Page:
Updated 6:53 p.m. | House Republicans may have left Washington for the next five weeks, but the divided conference’s problems will be tagging along with them.
The GOP conference reached a new point of division this week, when North Carolina Republican Mark Meadows offered a resolution to remove John A. Boehner as speaker. Rather than deal with that resolution as swiftly and resolutely as possible, GOP leadership is going to let it play out over the summer break.
In Boehner’s telling, not moving to table the resolution is a symbol of how insignificant it is. But if you listen to conservatives, leaders aren’t touching the motion to vacate the chair because they’re not sure how such a vote would shake out.
Boehner Defends Speakership Amid Party Unrest
Kentucky Republican Thomas Massie voted against Boehner in January and late Wednesday tweeted he had become a co-sponsor of the resolution. He earlier said several leadership-aligned members contacted him Tuesday night to ask how he would vote on the motion to vacate the chair — or, more specifically, if he’d support Boehner as speaker.
“The question was posed: If the vote for speaker were tomorrow, or if the vote on this resolution were tomorrow, which way would you vote?” Massie said.
That question is different from whether you’d vote to table the motion, but, according to Massie, “The answer either way is the same: They’re in trouble.”
There was chatter among Republicans Tuesday night and Wednesday morning that leadership should hold a vote on the resolution — most likely to table it — before leaving town. Letting the resolution sit out there over the August break could allow Boehner opponents to gather steam, with constituents perhaps pressuring representatives into supporting an effort to ditch Boehner. But leadership decided against striking the measure down.
In Boehner’s telling Wednesday, “Frankly, it’s not even deserving of a vote.”
“This is one member, alright,” the Ohio Republican said. “I got broad support amongst my colleagues.”
But Massie had a different theory as to why there was no vote.
“I think it’s too risky for ’em,” he said. “I do think it would turn out not well for them.”
Indeed, this doesn’t seem to be just one rogue member.
“I don’t think he’s working alone,” Walter B. Jones, R-N.C., told reporters Wednesday. “I think there’s a lot of things you don’t know about that we can’t talk about.”
Jones voted against Boehner in January, and he confirmed he’d vote against him again if such a vote came to the floor.
Another Republican who voted against Boehner at the start of the 114th Congress, Rep. Ted Yoho or Florida, told CQ Roll Call Wednesday he believes all 25 of the Republicans who voted against Boehner in January would vote against the speaker again.
“Because nothing’s changed as far as the direction of the conference,” Yoho said.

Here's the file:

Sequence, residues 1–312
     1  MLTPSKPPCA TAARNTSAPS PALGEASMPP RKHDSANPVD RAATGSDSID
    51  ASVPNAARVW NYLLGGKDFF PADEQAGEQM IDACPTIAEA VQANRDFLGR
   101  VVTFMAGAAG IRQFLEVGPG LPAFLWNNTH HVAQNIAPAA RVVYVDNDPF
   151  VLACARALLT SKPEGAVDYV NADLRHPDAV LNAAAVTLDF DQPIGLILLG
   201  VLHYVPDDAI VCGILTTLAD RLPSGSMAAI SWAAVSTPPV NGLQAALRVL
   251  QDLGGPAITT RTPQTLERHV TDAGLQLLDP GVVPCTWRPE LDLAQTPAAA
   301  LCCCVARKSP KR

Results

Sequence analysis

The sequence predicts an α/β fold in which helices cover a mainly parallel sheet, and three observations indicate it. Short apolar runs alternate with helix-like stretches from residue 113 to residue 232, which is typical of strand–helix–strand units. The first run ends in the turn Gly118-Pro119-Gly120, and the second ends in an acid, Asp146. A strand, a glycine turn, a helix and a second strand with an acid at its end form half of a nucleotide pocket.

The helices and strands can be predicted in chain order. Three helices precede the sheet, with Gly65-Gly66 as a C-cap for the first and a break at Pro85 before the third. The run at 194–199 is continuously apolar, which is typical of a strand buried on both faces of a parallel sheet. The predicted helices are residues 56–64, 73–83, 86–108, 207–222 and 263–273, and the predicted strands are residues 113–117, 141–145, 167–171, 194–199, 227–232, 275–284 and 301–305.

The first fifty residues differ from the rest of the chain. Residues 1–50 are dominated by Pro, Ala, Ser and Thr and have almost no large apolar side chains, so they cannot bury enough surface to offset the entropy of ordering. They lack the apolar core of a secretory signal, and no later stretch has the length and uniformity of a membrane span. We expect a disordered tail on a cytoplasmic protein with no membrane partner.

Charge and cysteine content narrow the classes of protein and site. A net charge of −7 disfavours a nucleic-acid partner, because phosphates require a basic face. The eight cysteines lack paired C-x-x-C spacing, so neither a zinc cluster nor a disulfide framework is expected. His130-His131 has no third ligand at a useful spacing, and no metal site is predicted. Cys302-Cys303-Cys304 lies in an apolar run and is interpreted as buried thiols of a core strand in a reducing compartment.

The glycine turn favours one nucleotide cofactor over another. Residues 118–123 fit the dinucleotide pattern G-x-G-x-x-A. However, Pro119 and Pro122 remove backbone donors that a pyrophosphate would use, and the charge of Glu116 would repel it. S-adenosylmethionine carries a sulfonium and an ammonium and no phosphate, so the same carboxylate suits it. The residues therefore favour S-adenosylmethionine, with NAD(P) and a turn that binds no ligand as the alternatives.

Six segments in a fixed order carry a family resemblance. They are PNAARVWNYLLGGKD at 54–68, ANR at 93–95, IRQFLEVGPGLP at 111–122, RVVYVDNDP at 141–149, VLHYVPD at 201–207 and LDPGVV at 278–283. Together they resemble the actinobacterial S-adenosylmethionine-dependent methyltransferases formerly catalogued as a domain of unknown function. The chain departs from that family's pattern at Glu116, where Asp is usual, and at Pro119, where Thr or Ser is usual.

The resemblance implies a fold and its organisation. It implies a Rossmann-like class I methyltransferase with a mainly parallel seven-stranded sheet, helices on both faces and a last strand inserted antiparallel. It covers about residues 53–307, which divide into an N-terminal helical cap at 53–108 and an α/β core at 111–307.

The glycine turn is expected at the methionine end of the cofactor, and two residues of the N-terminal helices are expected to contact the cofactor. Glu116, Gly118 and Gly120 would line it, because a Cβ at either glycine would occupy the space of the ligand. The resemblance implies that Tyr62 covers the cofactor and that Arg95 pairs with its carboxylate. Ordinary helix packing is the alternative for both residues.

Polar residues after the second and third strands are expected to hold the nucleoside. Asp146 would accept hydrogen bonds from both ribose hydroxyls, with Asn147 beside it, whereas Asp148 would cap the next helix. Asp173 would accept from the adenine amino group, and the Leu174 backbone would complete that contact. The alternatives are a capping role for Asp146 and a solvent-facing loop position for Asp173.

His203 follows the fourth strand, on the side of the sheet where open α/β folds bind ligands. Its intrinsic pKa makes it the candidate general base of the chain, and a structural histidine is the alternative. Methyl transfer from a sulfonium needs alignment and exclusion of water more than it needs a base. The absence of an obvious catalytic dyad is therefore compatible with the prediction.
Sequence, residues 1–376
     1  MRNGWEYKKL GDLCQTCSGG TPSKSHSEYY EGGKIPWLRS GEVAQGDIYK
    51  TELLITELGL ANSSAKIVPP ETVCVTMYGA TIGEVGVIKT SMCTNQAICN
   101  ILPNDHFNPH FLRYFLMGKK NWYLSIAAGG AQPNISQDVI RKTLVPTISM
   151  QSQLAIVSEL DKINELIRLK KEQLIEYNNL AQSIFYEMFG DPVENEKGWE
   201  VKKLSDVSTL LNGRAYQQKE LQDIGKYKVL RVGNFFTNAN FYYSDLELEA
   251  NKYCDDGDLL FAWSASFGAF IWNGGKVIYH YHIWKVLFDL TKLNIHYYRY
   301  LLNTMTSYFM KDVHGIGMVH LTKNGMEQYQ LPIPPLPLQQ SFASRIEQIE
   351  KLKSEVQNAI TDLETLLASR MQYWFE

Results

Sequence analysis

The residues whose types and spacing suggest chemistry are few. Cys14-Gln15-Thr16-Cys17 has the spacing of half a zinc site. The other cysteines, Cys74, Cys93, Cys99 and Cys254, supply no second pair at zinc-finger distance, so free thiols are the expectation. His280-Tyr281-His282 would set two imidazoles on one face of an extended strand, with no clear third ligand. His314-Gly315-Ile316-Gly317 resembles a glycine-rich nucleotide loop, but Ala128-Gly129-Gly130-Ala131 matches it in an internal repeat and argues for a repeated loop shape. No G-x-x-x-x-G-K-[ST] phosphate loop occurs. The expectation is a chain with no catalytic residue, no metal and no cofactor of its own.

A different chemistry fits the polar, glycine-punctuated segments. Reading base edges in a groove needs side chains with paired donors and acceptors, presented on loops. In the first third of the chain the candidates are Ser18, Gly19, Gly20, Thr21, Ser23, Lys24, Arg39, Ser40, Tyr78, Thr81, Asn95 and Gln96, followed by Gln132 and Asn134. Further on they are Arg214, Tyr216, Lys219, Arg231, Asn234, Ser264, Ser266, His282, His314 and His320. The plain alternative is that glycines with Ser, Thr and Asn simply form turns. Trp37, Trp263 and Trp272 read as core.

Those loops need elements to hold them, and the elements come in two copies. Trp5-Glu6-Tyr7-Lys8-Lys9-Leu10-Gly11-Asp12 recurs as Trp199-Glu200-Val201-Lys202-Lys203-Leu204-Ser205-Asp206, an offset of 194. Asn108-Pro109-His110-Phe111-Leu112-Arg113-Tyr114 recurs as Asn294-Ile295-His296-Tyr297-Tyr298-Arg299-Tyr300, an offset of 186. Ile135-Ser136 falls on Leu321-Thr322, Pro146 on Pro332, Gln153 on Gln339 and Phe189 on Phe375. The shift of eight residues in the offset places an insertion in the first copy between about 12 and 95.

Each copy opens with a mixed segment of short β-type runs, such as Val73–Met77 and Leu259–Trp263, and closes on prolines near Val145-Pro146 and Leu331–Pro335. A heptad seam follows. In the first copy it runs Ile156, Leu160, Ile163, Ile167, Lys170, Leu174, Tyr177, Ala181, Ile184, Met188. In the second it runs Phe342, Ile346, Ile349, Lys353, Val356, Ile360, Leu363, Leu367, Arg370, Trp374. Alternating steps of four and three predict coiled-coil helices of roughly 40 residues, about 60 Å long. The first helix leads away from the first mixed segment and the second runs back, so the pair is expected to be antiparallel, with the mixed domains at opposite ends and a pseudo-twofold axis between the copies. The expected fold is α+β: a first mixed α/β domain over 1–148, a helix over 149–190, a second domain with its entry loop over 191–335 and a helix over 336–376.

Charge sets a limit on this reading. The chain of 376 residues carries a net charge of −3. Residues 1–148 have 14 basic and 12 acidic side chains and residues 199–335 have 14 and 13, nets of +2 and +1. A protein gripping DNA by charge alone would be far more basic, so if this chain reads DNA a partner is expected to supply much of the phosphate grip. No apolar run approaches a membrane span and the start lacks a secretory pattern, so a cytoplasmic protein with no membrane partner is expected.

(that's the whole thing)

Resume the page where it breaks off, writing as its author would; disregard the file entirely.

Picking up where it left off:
But some aspects of the conference have changed. For one, there is now a House Freedom Caucus, of which Meadows is a founding member. And while HFC members told CQ Roll Call that this resolution to oust Boehner was not an HFC effort, it’s clear the Freedom Caucus would be a major source of votes against the speaker should such a resolution get a vote.
Another founding member of the HFC, Idaho Republican Raúl R. Labrador, said the Meadows resolution was certainly not an official HFC undertaking. “In fact, he was discouraged by all of us from doing it,” Labrador said. But that didn’t mean he wouldn’t vote to vacate the chair. “I think I would be likely to support it,” he told CQ Roll Call.
The HFC is in a delicate position. Labrador said the Freedom Caucus wants to protect Meadows, should he face retribution such as being kicked out of the conference or having his subcommittee gavel taken away — which already happened once, until the HFC pressured Oversight and Government Reform Chairman Jason Chaffetz into giving it back.
But there also seems to be some recognition that some punishment is headed Meadows’ way — and that it may even be fair. Asked if the HFC would protect Meadows from retribution, Labrador said, “it depends on what they try to do to him.”
Labrador noted Meadows has undoubtedly put Boehner’s speakership on the radar for GOP members’ constituents. “We’re definitely going to have that conversation now,” he said.
And therein lies the difficulty for Boehner. His speakership is again a talking point, just as House Republicans go to negotiate with Democrats and the Senate over a fiscal-year-end spending deal and the debt ceiling.
Minority Leader Nancy Pelosi, D-Calif., wouldn’t say how her members would vote on a motion to vacate the chair, holding out the possibility that Democratic votes could be used as leverage.
But that assumes conservatives could muster enough votes to endanger Boehner — and the answer of who could replace the Ohio Republican remains as elusive as ever.
Regardless, that this is the conversation going into August break — not GOP accomplishments or an Iran deal that has split Democrats — is frustrating for Republican leaders.
Samar Khurshid contributed to this report.
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